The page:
It is important to keep all medication out of sight and reach of children as many containers (such as weekly pill minders and those for eye drops, creams, patches, and inhalers) are not child-resistant and young children can open them easily. To protect young children from poisoning, always lock safety caps and immediately place the medication in a safe location – one that is up and away and out of their sight and reach. http://www.upandaway.org
In case of emergency/overdose
In case of overdose, remove the fentanyl patch from the victim's skin and call local emergency services at 911.
While you are using fentanyl patches, you may be told to always have a rescue medication called naloxone available (e.g., home, office). Naloxone is used to reverse the life-threatening effects of an overdose. It works by blocking the effects of opiates to relieve dangerous symptoms caused by high levels of opiates in the blood. You will probably be unable to treat yourself if you experience an opiate overdose. You should make sure that your family members, caregivers, or the people who spend time with you know how to tell if you are experiencing an overdose, how to use naloxone, and what to do until emergency medical help arrives. Your doctor or pharmacist will show you and your family members how to use the medication. Ask your pharmacist for the instructions or visit the manufacturer's website to get the instructions. If someone sees that you are experiencing symptoms of an overdose, he or she should give you your first dose of naloxone, call 911 immediately, and stay with you and watch you closely until emergency medical help arrives. Your symptoms may return within a few minutes after you receive naloxone. If your symptoms return, the person should give you another dose of naloxone. Additional doses may be given every 2 to 3 minutes, if symptoms return before medical help arrives.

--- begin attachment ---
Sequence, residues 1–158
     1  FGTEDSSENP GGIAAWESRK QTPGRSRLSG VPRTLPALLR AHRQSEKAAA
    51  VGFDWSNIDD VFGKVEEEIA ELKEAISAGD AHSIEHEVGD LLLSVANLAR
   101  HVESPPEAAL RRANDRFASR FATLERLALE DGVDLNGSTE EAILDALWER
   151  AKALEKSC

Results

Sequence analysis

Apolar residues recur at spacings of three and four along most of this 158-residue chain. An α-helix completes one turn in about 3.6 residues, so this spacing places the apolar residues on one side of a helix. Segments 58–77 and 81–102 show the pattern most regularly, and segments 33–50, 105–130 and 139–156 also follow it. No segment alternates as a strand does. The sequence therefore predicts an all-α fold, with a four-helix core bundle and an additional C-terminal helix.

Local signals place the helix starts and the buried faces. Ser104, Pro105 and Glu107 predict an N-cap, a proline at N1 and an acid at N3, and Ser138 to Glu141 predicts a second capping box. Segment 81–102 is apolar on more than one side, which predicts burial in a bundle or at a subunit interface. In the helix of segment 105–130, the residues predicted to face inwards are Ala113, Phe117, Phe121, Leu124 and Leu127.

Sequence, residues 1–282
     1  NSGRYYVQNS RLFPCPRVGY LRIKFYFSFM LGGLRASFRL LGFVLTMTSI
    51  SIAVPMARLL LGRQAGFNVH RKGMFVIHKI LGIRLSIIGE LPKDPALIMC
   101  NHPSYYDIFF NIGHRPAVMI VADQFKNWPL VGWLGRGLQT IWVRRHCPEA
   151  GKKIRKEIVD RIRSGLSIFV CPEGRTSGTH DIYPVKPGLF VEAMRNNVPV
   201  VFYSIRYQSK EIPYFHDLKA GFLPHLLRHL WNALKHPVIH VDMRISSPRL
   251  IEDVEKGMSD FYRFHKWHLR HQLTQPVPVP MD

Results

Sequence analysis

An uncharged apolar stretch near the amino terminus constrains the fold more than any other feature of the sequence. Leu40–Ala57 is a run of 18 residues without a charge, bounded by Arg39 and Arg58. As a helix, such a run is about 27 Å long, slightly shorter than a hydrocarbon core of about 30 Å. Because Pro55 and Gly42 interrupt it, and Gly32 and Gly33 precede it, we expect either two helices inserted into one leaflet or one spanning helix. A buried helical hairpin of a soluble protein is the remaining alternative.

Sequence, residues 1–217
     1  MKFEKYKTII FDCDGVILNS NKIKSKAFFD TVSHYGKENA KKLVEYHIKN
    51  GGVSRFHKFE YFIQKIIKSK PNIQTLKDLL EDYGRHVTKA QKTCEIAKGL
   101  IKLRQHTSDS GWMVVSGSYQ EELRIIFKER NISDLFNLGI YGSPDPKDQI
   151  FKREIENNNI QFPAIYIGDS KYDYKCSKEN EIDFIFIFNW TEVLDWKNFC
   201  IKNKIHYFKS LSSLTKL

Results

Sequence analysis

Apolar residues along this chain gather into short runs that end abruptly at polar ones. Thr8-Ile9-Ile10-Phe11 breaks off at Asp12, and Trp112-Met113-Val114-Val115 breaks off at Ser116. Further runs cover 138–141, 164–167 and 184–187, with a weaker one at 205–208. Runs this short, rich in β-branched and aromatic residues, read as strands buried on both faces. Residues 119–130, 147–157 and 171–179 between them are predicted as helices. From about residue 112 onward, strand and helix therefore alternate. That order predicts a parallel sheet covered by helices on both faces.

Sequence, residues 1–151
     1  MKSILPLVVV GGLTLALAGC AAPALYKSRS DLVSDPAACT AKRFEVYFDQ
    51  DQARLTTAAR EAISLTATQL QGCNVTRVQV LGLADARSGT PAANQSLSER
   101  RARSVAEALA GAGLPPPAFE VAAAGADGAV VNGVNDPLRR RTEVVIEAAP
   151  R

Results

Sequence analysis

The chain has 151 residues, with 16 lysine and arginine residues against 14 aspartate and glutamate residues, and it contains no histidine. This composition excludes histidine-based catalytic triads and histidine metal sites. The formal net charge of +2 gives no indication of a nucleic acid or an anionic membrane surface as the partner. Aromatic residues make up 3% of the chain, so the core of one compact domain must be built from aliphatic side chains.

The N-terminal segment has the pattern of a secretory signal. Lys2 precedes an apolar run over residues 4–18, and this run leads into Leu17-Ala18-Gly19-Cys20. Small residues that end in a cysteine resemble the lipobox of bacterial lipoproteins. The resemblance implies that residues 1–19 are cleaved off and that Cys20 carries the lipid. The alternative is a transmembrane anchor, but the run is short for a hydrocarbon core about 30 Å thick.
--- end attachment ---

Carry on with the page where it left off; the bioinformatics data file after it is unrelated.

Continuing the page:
Symptoms of overdose may include the following:
- difficulty breathing
- extreme sleepiness or tiredness
- difficulty thinking, talking, or walking normally
- small, pinpoint pupils (black circles in the center of the eye)
- coma (loss of consciousness for a period of time)
What other information should I know?
Keep all appointments with your doctor and laboratory. Your doctor will order certain lab tests to check your body's response to fentanyl.
Before having any laboratory test (especially those that involve methylene blue), tell your doctor and the laboratory personnel that you are using fentanyl.
This prescription is not refillable. Be sure to schedule appointments with your doctor on a regular basis so that you do not run out of medication if your doctor wants you to continue using fentanyl patches.
It is important for you to keep a written list of all of the prescription and nonprescription (over-the-counter) medicines you are taking, as well as any products such as vitamins, minerals, or other dietary supplements. You should bring this list with you each time you visit a doctor or if you are admitted to a hospital. It is also important information to carry with you in case of emergencies.